Mid-morn­ing, there was an­other at­tempt to cor­rect the ir­reg­u­lar­ity through car­diover­sion and this suc­ceeded.

By now, Ko­mati was in the tran­sit lounge at Perth wait­ing for the flight to Mel­bourne and in touch with Dab­ula.

Dab­ula felt he should con­tinue to the con­fer­ence, as the sit­u­a­tion would be eval­u­ated at the af­ter­noon panel meet­ing. Ko­mati was of a dif­fer­ent opinion. Bet­ter to re­turn home, he felt, but he took Dab­ula’s ad­vice.

The af­ter­noon meet­ing noted that there had been some sta­bil­i­sa­tion and de­cided to con­tinue some other as­pects of the treat­ment, in­clud­ing dial­y­sis. Overnight, the sit­u­a­tion re­mained sta­ble.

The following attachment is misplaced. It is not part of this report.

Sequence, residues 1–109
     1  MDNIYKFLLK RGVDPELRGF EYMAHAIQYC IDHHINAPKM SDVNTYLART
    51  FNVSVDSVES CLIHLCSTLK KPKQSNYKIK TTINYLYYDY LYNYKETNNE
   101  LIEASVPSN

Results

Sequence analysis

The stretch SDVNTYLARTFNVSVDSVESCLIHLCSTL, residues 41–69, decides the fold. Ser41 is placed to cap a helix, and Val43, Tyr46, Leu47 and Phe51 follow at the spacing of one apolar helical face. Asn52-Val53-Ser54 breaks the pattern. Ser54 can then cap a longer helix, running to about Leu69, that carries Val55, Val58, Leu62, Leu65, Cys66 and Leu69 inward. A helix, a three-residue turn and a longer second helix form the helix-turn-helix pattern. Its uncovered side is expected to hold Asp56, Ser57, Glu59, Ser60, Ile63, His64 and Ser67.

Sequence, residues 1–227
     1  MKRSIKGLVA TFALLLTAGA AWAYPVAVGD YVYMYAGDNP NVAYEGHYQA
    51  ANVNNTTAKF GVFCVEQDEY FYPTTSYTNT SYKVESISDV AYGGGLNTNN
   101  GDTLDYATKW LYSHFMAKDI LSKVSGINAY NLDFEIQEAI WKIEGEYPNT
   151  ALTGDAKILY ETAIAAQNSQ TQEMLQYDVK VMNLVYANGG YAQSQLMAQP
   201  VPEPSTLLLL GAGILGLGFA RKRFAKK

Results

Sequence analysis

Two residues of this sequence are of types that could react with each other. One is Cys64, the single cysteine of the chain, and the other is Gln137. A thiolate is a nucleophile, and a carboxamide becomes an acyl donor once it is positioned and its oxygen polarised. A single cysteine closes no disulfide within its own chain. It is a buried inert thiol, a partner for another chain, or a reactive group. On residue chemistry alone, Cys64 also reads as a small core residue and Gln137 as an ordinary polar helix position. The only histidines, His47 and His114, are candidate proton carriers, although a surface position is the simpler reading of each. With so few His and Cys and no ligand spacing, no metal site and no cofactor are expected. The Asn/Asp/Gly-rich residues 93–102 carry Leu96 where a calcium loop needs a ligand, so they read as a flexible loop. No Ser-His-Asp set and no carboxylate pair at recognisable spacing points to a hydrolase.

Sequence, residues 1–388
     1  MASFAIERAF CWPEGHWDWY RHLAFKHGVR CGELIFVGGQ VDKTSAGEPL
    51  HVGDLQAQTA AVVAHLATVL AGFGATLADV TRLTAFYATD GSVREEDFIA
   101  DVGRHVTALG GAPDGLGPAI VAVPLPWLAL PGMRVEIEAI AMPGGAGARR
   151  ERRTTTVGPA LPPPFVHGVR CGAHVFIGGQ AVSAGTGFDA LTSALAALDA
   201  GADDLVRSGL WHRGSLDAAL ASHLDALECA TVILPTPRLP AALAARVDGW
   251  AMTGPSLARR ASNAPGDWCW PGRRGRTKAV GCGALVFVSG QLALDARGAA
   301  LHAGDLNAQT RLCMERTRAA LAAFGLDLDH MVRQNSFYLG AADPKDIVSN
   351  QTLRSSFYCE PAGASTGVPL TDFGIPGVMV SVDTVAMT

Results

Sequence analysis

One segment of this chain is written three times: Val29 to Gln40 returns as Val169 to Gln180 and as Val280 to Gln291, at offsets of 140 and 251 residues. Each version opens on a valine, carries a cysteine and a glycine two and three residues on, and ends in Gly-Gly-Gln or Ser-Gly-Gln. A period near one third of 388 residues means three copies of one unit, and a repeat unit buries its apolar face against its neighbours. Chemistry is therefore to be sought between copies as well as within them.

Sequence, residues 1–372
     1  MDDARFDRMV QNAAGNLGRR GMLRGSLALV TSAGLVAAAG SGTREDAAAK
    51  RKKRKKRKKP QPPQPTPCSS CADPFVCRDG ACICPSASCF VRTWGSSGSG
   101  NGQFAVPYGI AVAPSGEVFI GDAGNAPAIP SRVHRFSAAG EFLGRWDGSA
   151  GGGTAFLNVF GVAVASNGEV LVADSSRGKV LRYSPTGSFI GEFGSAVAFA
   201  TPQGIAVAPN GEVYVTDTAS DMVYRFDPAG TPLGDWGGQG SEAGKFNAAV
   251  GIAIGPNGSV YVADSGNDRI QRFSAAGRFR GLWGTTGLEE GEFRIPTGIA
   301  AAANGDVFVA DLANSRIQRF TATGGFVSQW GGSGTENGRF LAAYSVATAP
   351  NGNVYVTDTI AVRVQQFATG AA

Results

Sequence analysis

On Mon­day, De­cem­ber 2 there was still some swelling of his feet. Madiba, though phys­i­cally much im­proved, was still sleepy and re­luc­tant to be aroused.

Tues­day, De­cem­ber 3 was a dif­fi­cult day for ev­ery­body on the med­i­cal team. The pre­vi­ous night’s panel dis­cus­sion had re­vealed dif­fer­ing views of how to treat this cri­sis. Some felt that na­ture should be al­lowed to take its course. The larger group were not pre­pared to ac­cept this at­ti­tude and, in­stead, guide­lines were set within which fur­ther es­ca­la­tion of treat­ment would not be en­cour­aged.

Ev­ery treat­ment regime comes with its neg­a­tive im­pact on other parts of the body, and the art of medicine is bal­anc­ing these neg­a­tive side-ef­fects while ad­dress­ing the pri­mary prob­lem. Madiba had de­vel­oped side-ef­fects to most of his treat­ments over the years.

That Tues­day also ini­ti­ated a new phase. To that point, a fight­ing spirit and a steely re­solve had char­ac­terised all Madiba’s health bat­tles. Now it seemed, to those of us who had been with him for years, that he was no longer fight­ing back.